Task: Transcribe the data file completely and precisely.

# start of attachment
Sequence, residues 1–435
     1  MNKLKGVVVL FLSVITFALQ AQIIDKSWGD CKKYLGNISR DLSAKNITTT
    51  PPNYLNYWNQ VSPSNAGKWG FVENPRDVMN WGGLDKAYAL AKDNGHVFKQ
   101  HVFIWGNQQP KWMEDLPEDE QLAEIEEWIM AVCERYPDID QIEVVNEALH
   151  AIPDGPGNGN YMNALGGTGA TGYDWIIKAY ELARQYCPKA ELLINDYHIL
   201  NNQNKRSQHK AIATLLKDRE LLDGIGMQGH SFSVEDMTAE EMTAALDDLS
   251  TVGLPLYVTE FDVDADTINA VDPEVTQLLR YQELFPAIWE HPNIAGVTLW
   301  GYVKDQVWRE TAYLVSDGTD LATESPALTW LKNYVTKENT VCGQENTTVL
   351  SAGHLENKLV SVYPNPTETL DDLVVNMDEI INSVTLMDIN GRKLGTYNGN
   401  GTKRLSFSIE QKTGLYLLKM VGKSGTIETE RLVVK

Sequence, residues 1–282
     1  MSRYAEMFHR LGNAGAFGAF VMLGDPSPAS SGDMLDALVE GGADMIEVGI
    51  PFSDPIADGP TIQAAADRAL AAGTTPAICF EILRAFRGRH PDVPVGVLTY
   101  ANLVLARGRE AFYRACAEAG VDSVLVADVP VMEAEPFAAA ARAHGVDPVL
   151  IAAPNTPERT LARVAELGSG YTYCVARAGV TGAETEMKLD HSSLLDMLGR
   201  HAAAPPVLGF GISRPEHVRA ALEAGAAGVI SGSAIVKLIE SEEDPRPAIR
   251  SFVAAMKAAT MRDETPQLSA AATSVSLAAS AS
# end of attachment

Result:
Sequence, residues 1–435
     1  MNKLKGVVVL FLSVITFALQ AQIIDKSWGD CKKYLGNISR DLSAKNITTT
    51  PPNYLNYWNQ VSPSNAGKWG FVENPRDVMN WGGLDKAYAL AKDNGHVFKQ
   101  HVFIWGNQQP KWMEDLPEDE QLAEIEEWIM AVCERYPDID QIEVVNEALH
   151  AIPDGPGNGN YMNALGGTGA TGYDWIIKAY ELARQYCPKA ELLINDYHIL
   201  NNQNKRSQHK AIATLLKDRE LLDGIGMQGH SFSVEDMTAE EMTAALDDLS
   251  TVGLPLYVTE FDVDADTINA VDPEVTQLLR YQELFPAIWE HPNIAGVTLW
   301  GYVKDQVWRE TAYLVSDGTD LATESPALTW LKNYVTKENT VCGQENTTVL
   351  SAGHLENKLV SVYPNPTETL DDLVVNMDEI INSVTLMDIN GRKLGTYNGN
   401  GTKRLSFSIE QKTGLYLLKM VGKSGTIETE RLVVK

Sequence, residues 1–282
     1  MSRYAEMFHR LGNAGAFGAF VMLGDPSPAS SGDMLDALVE GGADMIEVGI
    51  PFSDPIADGP TIQAAADRAL AAGTTPAICF EILRAFRGRH PDVPVGVLTY
   101  ANLVLARGRE AFYRACAEAG VDSVLVADVP VMEAEPFAAA ARAHGVDPVL
   151  IAAPNTPERT LARVAELGSG YTYCVARAGV TGAETEMKLD HSSLLDMLGR
   201  HAAAPPVLGF GISRPEHVRA ALEAGAAGVI SGSAIVKLIE SEEDPRPAIR
   251  SFVAAMKAAT MRDETPQLSA AATSVSLAAS AS